Charges for other preparation of the body should include such services as cosmetic work to prepare the deceased for viewing. Under this category, service providers can also show a price for washing and disinfecting when that procedure is used instead of embalming.
Funeral service providers may charge a flat fee or an hourly fee for the use of their facilities and staff for viewing. The price for a viewing should include charges for both the services of staff and the facilities used in connection with a viewing. They should not list two separate charges relating to a viewing, such as one for the facilities and another for the staff services.
However, if they provide staff services for viewing held at another facility, such as a church or a home, they should list a separate fee for such services. (In this situation, a facilities charge would not be appropriate because their own facilities are not being used.)
The charge for a funeral ceremony at the funeral home, that is, a commemorative service with the body present, should include both the use of facilities and the necessary staff services. The funeral service provider should not list two separate charges relating to a funeral ceremony, such as one for the facilities and another for the staff services. However, if they provide staff services for a funeral ceremony at another facility, such as a church, they should list a separate fee for such services.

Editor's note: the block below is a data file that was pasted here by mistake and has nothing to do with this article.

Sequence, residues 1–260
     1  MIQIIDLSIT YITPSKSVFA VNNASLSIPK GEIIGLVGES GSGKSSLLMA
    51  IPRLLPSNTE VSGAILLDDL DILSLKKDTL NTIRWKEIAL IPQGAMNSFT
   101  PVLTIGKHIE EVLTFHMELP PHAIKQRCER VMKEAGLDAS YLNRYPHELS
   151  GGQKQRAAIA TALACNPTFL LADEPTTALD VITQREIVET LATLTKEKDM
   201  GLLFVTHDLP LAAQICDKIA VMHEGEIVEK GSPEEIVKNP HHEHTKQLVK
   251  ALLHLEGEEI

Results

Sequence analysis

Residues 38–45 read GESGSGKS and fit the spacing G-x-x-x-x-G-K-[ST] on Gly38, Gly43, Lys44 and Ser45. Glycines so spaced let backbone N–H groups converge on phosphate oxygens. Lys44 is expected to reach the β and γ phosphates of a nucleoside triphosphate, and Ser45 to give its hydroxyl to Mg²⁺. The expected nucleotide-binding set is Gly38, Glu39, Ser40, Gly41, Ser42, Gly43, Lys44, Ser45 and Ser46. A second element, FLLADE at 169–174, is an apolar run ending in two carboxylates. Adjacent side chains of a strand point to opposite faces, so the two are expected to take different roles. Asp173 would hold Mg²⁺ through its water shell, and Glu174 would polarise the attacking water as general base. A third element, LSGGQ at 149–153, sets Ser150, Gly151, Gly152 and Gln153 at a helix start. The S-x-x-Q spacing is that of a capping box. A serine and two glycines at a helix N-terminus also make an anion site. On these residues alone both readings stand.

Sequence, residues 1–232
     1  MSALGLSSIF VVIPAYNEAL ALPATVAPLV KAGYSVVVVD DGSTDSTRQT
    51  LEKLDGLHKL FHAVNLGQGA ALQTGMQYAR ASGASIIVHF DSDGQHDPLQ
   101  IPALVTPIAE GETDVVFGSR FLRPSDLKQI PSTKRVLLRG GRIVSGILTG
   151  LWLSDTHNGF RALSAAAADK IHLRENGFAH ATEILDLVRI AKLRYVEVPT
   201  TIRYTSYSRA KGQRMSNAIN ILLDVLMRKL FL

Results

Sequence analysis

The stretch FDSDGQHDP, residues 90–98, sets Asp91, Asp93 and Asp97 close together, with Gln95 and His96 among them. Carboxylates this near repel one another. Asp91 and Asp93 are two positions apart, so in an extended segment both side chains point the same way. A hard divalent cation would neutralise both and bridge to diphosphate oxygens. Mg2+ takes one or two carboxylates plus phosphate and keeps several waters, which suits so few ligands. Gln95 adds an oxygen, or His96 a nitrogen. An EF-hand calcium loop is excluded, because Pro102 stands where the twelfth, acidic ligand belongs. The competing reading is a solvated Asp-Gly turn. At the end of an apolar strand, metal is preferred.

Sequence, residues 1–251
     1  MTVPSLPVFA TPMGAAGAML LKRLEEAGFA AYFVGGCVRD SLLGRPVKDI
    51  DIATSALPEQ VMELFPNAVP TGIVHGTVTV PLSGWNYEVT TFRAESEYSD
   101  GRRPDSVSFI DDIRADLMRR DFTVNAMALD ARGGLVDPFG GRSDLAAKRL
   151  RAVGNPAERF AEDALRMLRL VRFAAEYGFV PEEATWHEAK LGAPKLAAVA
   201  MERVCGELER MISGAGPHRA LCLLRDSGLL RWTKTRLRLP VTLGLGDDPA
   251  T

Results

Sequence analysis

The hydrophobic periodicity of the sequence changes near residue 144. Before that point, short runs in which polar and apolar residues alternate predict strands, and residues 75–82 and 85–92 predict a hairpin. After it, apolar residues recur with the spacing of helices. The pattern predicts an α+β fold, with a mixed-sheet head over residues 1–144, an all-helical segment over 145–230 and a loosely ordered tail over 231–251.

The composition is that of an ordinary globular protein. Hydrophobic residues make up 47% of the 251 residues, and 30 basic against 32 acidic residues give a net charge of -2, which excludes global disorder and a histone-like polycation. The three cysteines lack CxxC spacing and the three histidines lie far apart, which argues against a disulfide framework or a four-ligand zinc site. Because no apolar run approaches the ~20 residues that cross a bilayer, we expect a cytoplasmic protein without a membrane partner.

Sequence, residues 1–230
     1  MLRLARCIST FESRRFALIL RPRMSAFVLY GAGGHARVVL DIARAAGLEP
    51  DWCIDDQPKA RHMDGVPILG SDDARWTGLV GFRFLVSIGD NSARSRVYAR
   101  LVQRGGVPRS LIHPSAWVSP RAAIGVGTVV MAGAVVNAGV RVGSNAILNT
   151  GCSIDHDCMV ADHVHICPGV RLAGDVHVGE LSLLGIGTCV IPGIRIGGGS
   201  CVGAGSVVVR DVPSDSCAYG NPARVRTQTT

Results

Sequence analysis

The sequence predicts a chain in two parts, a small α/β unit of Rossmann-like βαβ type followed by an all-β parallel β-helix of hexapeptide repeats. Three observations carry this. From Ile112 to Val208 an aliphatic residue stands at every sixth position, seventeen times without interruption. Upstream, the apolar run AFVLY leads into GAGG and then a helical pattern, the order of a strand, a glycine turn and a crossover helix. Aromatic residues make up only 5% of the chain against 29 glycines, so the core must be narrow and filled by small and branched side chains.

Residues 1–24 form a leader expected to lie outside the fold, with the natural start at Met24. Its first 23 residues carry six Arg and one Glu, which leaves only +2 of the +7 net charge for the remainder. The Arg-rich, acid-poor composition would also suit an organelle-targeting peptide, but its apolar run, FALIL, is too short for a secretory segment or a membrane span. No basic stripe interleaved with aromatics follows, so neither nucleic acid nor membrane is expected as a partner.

The charge for use of facilities and staff for a commemorative service without the body present should include both the use of facilities and the staff services. The funeral service provider should not list two separate charges relating to a memorial service, one for the use of facilities and another for the staff services. However, if they provide staff services for a memorial service at another facility, such as a church, they should list a separate fee for such services.